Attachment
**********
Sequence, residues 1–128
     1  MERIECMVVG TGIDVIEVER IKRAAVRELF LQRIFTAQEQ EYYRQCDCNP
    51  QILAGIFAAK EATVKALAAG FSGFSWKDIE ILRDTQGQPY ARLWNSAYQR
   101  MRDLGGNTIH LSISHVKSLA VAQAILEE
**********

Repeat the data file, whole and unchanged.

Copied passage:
Sequence, residues 1–128
     1  MERIECMVVG TGIDVIEVER IKRAAVRELF LQRIFTAQEQ EYYRQCDCNP
    51  QILAGIFAAK EATVKALAAG FSGFSWKDIE ILRDTQGQPY ARLWNSAYQR
   101  MRDLGGNTIH LSISHVKSLA VAQAILEE